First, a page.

In the next section of the sutra the Buddha gives a practice of going through each part of the body. This is a practice that you can do during sitting meditation or while laying down. Basically you become aware of your breathing and then go part by part from the top of your head to the tips of your toes. The way Thich Nhat Hanh taught it you say silently to yourself “Breathing in I am aware of the top of my head, breathing out I smile to the top of my head.” and then you move to the next part. When I do this practice I just say “top of head, relax.” I have also found it very useful to read a basic anatomy book to get an understanding of where the organs are and what their general function is so when I am saying “aware of spleen” for instance I know where to focus. This practice is very good at relieving tension in the body and for getting in touch with areas that you might not be aware of for one reason or another. In other words you might be desensitized to certain areas of your body and this practice will help open that area up. If this practice interests you and you really want to get into it you can go to a 10 day “Vipassana” course in the tradition of S.N. Goenka where the practice of body scanning is done at a very deep level.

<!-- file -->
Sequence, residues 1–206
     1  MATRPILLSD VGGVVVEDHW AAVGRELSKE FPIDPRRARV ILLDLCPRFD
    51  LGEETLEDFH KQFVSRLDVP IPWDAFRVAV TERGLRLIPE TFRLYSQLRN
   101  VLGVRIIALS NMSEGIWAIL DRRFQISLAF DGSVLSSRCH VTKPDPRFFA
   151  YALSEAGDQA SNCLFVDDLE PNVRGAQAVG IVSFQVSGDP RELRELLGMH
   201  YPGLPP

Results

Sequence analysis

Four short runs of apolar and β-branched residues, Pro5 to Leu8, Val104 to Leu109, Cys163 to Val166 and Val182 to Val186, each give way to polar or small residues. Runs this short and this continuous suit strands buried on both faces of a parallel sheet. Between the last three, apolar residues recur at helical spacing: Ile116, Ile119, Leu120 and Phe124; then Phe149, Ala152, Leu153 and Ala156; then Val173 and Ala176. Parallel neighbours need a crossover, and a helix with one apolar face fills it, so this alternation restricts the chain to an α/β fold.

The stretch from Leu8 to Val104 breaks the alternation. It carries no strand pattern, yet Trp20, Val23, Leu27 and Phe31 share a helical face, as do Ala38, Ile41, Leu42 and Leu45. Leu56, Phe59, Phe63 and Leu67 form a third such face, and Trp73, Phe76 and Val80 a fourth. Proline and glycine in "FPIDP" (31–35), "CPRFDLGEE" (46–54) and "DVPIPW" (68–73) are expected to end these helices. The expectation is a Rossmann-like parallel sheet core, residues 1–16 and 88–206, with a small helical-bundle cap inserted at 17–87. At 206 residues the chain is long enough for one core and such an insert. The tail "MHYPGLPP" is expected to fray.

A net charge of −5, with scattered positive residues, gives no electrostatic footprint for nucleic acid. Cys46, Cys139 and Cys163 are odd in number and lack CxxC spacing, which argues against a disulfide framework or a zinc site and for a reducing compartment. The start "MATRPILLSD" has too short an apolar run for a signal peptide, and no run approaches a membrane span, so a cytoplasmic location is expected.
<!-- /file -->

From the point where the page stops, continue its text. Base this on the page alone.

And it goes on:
The Four Elements
In the next section of the sutra the Buddha talks about being aware of the four elements in the body. Traditionally this means being aware of the sensations of heat and cold (fire), cohesion and fluidity (water), movement and stillness (air), and solidity and lightness (earth). In other words you are using these ranges of possibility to fine tune your awareness of the sensations of your body.